Angew. Chem. Int. Ed. 10.1002/anie.201504379 (2015).

  5. Microbiome


    1. Caroline Ash

    Wild legumes, like this red clover, need mycorrhizal fungi to help their Nitrogen fixing symbionts during growth


    Symbiotic microorganisms, such as nitrogen-fixing bacteria and phosphorus-transferring fungi (mycorrhizae), are vital for plant growth in wild systems. The symbionts may scavenge rare nutrients for plants, but how do they interact? Van der Heijden et al. systematically simulated the plant-symbiont communities found in sand dunes in experimental microcosms kept free of contaminating organisms. For wild legume (peas, beans, and their relatives) seedlings, hosting nitrogen-fixing bacteria alone was not enough to guarantee growth; mycorrhizal fungi supplying phosphorous had to be present too. This synergism becomes apparent only when plants live on a nutritional edge.

    ISME 10.1038/ismej.2015.120 (2015).

  6. Climate Adaptation

    How to adapt to climate change

    1. Sacha Vignieri

    In the spiny chromis damselfish, genes involved in metabolism, immunity, and development are up-regulated in cross-generational adaptation to warming


    Climate change is imposing increases in temperature on a wide variety of species. Such warming conditions may be particularly challenging for aquatic animals, for which warming waters bring not only temperature increases but also associated oxygen limitations. Some species have displayed an ability to adapt to warming conditions across generations. Veilleux et al. looked at the transcriptome of parents and offspring in a Pacific damselfish, Acanthrochromis polyacanthus, and found three suites of genes whose expression was altered during transgenerational exposure to increased temperatures. These included genes involved in metabolism, immune response, and tissue development. Notably, heat-shock gene expression did not change, suggesting that these markers of immediate response to increased temperatures may not be involved in longer-term adaptation.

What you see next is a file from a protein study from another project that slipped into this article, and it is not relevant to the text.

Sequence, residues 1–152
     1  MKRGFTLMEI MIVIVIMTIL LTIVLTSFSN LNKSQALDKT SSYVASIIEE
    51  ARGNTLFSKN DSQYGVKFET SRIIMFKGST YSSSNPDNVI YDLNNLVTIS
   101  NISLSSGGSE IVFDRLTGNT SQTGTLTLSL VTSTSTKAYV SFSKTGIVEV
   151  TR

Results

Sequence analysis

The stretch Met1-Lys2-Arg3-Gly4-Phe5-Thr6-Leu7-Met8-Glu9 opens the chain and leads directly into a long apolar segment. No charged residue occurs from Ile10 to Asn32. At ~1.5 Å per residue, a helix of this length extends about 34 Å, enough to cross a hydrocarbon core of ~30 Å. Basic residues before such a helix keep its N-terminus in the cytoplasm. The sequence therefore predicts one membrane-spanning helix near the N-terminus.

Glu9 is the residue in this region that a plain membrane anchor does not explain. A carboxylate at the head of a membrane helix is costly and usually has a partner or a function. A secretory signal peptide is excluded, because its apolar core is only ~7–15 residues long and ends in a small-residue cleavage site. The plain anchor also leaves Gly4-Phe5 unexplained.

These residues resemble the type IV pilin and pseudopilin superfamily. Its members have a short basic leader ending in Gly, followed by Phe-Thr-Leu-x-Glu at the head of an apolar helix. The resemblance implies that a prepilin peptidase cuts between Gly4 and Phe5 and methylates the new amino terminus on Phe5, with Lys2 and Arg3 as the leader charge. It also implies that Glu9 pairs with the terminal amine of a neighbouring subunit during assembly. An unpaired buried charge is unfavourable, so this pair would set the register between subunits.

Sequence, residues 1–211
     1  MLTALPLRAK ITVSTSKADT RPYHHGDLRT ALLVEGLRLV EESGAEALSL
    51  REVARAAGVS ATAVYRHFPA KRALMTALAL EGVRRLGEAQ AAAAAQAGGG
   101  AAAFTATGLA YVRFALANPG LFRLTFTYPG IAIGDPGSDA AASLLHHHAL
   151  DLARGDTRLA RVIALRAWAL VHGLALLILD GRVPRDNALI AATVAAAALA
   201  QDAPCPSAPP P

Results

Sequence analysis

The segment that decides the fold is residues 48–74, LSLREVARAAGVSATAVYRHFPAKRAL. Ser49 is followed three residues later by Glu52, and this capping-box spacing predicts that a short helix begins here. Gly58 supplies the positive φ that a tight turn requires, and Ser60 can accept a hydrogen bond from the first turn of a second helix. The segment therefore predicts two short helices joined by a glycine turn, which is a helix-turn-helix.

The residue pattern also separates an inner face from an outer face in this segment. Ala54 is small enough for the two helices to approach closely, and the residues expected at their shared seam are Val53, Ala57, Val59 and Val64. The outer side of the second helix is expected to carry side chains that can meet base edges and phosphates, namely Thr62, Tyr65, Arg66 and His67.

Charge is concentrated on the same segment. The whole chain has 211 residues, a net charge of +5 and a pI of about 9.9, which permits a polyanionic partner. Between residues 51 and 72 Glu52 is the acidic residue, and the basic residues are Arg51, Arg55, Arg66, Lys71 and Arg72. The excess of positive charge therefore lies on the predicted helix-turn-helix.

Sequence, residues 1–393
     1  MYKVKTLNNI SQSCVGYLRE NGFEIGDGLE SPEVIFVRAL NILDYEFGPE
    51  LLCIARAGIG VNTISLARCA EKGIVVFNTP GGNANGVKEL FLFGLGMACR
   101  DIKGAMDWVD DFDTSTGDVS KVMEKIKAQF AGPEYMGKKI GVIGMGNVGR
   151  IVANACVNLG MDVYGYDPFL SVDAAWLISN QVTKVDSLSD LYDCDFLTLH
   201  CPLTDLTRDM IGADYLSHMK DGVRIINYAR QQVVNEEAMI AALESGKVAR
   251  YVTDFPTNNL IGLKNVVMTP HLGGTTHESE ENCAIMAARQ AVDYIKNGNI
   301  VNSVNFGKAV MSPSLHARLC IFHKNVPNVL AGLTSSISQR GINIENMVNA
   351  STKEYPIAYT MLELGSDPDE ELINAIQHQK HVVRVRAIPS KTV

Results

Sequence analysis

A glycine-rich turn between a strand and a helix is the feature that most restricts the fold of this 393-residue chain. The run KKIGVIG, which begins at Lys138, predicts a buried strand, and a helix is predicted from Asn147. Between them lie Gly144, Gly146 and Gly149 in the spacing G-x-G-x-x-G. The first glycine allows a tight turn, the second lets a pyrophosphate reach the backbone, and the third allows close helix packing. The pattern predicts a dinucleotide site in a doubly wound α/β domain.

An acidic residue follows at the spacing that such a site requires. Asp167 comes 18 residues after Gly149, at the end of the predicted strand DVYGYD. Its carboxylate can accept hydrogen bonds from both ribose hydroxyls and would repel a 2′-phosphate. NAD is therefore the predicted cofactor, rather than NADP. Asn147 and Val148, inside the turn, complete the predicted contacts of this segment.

Nat. Clim. Change 10.138/nclimate2724 (2015).

  7. Climate Change

    Whither carbon capture and storage?

    1. Julia Fahrenkamp-Uppenbrink

    Carbon capture and storage (CCS) is widely considered an essential aspect of efforts to limit global warming. Yet efforts to develop CCS technology are progressing slowly, and no fullscale power plant with CCS is in operation. Maddali et al. analyze the costs and risks associated with CCS and model the effects of its delayed implementation using a dynamic nonlinear simulation tool. Based on a number of emissions and mitigation scenarios, the authors conclude that CCS is not sufficiently mature and, in its current form, is too expensive to contribute significantly to global climate change mitigation. Other mitigation strategies must therefore be developed urgently.

    Environ. Sci. Technol. 10.1021/acs.est.5b00839 (2015).